Having taken on management of this club less than seven years ago, young director Stéphane Hassler is delighted with the growth the club has seen in recent years. “We’ve gone from 150 to 400 subscribers, and two-thirds of them are local. We’ve been teaching 100 to 150 people annually for the past six years. We’ve also managed to keep the club active year round. Belonging to Blue Green also means we have an aggressive pricing policy. This is a true urban tourist course, but also a club that has preserved its club spirit.” Another reason the Blue Green Sainte-Maxime golf course has become such a success is its superb location above the city and the few competitors it has in the vicinity, as the other clubs around the Gulf of Saint-Tropez are members-only establishments. The closest accessible clubs are at least a 40-minute drive away.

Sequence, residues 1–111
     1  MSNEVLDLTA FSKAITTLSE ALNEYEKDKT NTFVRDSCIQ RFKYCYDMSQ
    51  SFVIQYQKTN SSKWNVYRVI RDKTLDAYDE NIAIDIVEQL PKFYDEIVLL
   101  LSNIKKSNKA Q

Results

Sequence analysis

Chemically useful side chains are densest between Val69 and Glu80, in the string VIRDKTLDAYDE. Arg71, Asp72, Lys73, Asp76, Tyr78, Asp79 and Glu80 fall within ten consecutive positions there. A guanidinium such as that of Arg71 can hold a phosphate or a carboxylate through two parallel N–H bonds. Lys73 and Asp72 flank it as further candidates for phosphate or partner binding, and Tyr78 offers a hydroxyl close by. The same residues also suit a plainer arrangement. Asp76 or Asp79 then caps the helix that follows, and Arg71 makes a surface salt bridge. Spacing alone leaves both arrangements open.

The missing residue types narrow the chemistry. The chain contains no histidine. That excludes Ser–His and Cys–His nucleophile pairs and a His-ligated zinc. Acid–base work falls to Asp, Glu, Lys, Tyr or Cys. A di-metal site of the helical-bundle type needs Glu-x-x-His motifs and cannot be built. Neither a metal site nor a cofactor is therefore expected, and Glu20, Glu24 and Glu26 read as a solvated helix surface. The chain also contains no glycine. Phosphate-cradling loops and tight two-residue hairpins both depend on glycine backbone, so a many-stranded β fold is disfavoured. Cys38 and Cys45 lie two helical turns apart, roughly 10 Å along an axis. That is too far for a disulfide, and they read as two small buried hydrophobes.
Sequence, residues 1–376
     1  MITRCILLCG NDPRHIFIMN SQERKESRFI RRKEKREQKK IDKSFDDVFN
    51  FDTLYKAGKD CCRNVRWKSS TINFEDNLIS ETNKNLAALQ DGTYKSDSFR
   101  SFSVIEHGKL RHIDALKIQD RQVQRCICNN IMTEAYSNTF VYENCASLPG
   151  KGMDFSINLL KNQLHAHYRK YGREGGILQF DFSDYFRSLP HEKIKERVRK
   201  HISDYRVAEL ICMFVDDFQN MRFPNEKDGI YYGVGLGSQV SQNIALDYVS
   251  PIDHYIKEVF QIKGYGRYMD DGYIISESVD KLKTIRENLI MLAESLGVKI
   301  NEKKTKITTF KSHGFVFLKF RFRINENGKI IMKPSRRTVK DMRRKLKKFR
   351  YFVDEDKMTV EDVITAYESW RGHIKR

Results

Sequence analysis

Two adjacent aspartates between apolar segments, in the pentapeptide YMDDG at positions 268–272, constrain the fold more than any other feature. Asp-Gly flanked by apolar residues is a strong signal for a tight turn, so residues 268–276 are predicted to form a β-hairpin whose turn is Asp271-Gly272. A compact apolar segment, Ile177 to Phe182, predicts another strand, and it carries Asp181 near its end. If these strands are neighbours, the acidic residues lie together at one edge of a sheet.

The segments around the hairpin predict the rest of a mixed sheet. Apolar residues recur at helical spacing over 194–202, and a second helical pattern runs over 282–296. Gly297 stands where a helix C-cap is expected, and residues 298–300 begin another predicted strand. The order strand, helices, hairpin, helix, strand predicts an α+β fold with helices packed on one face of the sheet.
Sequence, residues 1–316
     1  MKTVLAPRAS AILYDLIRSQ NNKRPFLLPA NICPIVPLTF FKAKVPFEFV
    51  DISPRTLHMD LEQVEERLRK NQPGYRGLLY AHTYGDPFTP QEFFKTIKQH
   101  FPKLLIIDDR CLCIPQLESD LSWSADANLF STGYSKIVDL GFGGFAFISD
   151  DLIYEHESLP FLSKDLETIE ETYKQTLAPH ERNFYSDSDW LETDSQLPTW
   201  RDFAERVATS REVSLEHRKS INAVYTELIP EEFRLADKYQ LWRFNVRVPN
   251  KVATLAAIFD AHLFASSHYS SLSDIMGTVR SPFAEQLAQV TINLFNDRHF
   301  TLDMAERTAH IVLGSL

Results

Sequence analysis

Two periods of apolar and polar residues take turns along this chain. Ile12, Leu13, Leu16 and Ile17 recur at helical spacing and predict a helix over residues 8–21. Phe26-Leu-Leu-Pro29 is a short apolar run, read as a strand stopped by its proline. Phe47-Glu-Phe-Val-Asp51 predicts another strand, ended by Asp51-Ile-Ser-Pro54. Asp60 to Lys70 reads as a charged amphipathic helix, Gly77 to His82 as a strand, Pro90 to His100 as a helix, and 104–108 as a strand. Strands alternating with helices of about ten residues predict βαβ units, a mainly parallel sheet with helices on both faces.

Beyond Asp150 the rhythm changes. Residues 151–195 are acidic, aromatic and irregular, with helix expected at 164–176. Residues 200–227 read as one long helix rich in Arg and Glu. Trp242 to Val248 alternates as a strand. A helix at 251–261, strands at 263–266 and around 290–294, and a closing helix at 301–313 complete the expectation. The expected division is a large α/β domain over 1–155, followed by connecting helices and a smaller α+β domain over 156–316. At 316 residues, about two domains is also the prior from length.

A course with a panoramic view
“We actually have three courses in one. The front nine are on a very flat area. But the back nine require a golf cart, because it’s very steep. Lastly, on some holes, the course has breathtaking views across the bay and out into the backcountry. On the Number 16, for example, players come to hit the ball, but also stop to take pictures.” The challenge for the English architects who designed it, Peter and Don Harradine, was building an 18-hole golf course across an extremely steep area with exceptionally uneven terrain. And that makes this long course (more than 6,000 meters overall) one that is both physically challenging and quite technical. “Another unique characteristic: It’s the only course in France to be watered entirely with water from the water purification plant.” Proving that even golf can contribute to sustainable development!